Date of Degree
MS (Master of Science)
James A. Martin
While mechanical loading is essential for articular cartilage homeostasis, it also plays a central role in the etiology of osteoarthritis. The mechanotransduction events underlying these dual effects, however, remain unclear. Previously, we have shown that lethal amounts of reactive oxygen species (ROS) were liberated from mitochondrial complex 1 in response to a mechanical insult. The sensitivity of this response to an actin polymerase inhibitor, cytochalasin B, indicated a link between ROS release and cytoskeletal distortion caused by excessive compressive strain. It did not, however, rule out the possibility that ROS may also mediate the beneficial effects of normal stresses that induce lower tissue strains required for proper homeostasis. If this possibility is true, one would expect the amount of ROS released in loaded cartilage to be positively correlated with the level of strain, and ROS should only reach lethal levels under super-physiological deformations. To test this hypothesis, full cartilage tissue strains were measured in cartilage explants subjected to static normal stresses of 0, 0.1, 0.25, 0.5, and1.0 MPa. After compression, the percentage of ROS-producing cells was measured using the oxidation-sensitive fluorescent probe, dihydroethidium, and confocal microscopy. In support of our theory, the percentage of fluorescing cells increased linearly with increasing strains (0-75%, r2 = 0.8, p < 0.05). Additionally, hydrostatic stress, which causes minimal tissue strain, induced minimal ROS release. In terms of cell viability, cartilage explants compressed with strains >40% experienced substantial cell death, while explants with strains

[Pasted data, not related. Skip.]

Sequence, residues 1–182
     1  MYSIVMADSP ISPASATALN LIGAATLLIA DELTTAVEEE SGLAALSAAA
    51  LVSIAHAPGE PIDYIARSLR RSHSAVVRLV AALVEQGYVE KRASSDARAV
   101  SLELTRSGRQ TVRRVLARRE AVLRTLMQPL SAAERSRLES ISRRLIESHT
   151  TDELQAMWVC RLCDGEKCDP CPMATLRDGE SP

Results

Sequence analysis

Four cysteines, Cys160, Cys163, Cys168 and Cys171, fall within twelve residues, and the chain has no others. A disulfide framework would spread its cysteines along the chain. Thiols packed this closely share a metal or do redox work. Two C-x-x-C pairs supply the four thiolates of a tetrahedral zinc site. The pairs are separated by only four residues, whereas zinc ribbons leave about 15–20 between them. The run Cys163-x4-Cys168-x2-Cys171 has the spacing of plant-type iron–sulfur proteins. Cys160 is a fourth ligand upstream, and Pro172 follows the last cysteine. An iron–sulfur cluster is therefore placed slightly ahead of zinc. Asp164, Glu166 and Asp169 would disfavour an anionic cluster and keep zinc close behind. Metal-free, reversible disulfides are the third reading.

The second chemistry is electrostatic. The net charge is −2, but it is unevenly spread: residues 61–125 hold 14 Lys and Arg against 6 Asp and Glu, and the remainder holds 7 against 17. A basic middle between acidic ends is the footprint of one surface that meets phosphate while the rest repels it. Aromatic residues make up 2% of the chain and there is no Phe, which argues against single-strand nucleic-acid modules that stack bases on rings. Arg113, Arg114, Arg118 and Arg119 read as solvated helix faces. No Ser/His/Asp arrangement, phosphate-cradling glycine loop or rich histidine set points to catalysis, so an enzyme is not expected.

Articular Cartilage, Chondrocytes, Live-cell Imaging, Mechanical Stress, Oxidative Stress, Tissue Strain
viii, 41 pages
Includes bibliographical references (pages 32-41).
Copyright 2012 Marc James Brouillette